Is Late Night TV Going the Way of the Dodo Bird?
Johnny Carson was once America’s unrivaled king of late night television. But in 2011, not only is there a question as to who has assumed his throne, but some wonder whether with TiVo, cable television, and the Internet, the title even exists.
“The concept of the 'Late Night King' is over. There are too many players spreading the viewership even thinner,” Tim Young, comedian and Chair of the Young Members Committee of the National Press Club, told FOX411’s Pop Tarts column. “After Carson, it was a toss-up between Leno and Letterman. Their writing never really changed with time, and the late night slots got stale.”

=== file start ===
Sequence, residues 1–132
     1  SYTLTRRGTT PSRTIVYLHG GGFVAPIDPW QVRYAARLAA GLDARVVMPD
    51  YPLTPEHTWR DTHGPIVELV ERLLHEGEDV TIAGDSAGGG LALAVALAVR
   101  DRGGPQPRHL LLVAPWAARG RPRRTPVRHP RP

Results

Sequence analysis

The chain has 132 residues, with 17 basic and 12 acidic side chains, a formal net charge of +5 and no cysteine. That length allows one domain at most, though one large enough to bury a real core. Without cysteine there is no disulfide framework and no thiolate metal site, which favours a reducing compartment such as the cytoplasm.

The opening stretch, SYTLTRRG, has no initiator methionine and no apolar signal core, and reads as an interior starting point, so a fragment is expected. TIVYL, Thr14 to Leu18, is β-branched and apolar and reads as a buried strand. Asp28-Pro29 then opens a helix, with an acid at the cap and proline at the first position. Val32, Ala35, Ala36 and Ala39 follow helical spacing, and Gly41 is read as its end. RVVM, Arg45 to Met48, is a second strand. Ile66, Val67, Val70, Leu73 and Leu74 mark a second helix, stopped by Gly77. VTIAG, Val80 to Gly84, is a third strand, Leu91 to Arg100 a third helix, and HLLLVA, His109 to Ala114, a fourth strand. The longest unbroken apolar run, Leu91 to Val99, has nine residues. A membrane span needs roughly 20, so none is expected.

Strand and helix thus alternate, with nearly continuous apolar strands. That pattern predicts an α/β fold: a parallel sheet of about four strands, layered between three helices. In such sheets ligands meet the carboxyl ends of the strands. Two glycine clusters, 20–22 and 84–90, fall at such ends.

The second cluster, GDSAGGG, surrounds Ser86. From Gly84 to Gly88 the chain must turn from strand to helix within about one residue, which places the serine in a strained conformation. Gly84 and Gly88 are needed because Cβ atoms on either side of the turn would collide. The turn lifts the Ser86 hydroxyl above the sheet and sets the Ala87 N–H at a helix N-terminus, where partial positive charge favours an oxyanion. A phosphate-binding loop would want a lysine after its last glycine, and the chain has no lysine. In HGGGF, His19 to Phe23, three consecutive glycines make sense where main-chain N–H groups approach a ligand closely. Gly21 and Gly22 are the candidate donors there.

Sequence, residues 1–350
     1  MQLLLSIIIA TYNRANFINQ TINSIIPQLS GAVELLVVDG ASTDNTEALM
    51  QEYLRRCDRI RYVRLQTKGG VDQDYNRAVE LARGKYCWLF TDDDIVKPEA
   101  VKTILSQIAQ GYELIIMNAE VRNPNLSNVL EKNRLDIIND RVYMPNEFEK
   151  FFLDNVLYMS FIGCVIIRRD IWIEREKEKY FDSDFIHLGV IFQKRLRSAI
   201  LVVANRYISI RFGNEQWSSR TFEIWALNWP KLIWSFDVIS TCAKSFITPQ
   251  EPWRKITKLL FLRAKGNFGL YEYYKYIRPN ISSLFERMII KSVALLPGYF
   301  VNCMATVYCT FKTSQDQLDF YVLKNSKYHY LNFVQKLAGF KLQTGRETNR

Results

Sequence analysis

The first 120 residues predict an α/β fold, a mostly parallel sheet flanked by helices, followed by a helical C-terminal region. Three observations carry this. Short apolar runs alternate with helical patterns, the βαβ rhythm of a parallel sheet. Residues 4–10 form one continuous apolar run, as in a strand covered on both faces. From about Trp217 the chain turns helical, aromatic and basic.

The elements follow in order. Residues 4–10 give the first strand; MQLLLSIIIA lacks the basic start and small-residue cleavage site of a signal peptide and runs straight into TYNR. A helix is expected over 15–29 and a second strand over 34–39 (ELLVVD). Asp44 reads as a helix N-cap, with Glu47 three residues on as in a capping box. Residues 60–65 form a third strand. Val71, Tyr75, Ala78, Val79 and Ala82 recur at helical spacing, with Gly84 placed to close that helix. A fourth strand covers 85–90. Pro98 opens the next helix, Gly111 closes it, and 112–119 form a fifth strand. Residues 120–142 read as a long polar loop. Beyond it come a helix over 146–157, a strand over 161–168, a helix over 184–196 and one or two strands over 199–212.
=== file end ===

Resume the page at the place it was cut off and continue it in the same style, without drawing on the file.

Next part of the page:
Ratings for Jay Leno's "Tonight Show" sharply declined last year in the wake of the Conan timeslot scandal. By October 2010, Nielsen viewership statistics showed Leno losing 21 percent of overall audience compared with 2008, and 25 percent of his viewers in the advertiser-friendly 18 to 49 bracket. At one point, David Letterman’s rival "Late Show" beat Leno in the ratings for the first time in years. And even Comedy Central's low budget "The Daily Show" is now neck-and-neck with Leno in the key 18 to 49 demographic. For 2011's second quarter, Comedy Central claims Stewart's show drew 1.295 million compared to a “Tonight Show'’ total of 1.292 million.
Oh well, I guess they'll always have Jon Stewart.